Reality Show Viewers Are More Neurotic, Have Lower Self-Esteem, Study Finds

December 13, 2012 - 9:44 AM

People who watch non-competition reality shows are more extroverted, neurotic and have a lower self-esteem, according to a new study.

The survey, conducted by Today.com polled 19,000 people and found that "those who watched non-competition reality shows are more extroverted, neurotic and have lower self-esteem than watchers who are not fans of the genre."

Additionally, the survey found that 72% of women and 60% of men watch Reality television simply because they're bored.  Also, 46% of women and 26% of men watch this genre because they like to see how people with money and fame live their lives.

Deadliest Catch and Real Housewives were the top reality shows among men, according to the study.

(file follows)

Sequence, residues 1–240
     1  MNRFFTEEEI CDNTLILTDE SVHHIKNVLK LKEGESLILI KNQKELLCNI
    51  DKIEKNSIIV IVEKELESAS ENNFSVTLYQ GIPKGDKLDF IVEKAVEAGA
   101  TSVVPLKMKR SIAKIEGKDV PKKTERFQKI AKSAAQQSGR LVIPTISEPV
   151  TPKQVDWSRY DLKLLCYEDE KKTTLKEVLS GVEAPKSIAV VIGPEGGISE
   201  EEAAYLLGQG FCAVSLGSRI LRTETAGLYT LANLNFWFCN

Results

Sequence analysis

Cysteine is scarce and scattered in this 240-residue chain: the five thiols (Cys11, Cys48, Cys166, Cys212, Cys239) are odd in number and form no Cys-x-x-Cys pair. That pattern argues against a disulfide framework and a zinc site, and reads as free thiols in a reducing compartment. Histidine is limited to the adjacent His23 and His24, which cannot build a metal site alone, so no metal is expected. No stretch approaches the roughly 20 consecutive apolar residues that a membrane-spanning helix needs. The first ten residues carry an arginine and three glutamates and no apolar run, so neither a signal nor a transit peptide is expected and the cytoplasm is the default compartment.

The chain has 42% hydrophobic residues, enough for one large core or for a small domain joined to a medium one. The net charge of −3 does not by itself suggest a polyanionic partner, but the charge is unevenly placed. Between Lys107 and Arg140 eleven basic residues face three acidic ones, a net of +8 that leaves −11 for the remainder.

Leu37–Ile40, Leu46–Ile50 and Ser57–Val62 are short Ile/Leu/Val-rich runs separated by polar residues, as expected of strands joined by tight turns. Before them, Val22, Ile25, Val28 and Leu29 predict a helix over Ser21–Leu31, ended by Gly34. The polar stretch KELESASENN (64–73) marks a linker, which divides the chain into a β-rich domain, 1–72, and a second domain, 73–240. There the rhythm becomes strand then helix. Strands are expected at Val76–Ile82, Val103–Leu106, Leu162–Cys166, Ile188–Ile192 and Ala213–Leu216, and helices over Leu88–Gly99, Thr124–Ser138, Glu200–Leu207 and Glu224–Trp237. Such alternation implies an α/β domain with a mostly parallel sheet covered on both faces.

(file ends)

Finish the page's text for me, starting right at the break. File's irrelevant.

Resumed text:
While it appears most individuals watch Reality TV out of boredom, a study released last year found that some girls might be negatively impacted by these programs.

According to a report from the Girl Scouts Research Institute, "Real to Me: Girls and Reality TV," shows like "Teen Mom" and "Jersey Shore" have mixed effects on young girls.

The study polled 1,100 "tween" and teenage girls and found that reality shows can be uplifting and motivational, but they can also negatively impact girls' relationships and self-esteem.

Girls who regularly watch reality TV accept and expect a higher level of drama, aggression and bullying in their own lives.

The report also found that these girls measure their worth primarily by physical appearance.

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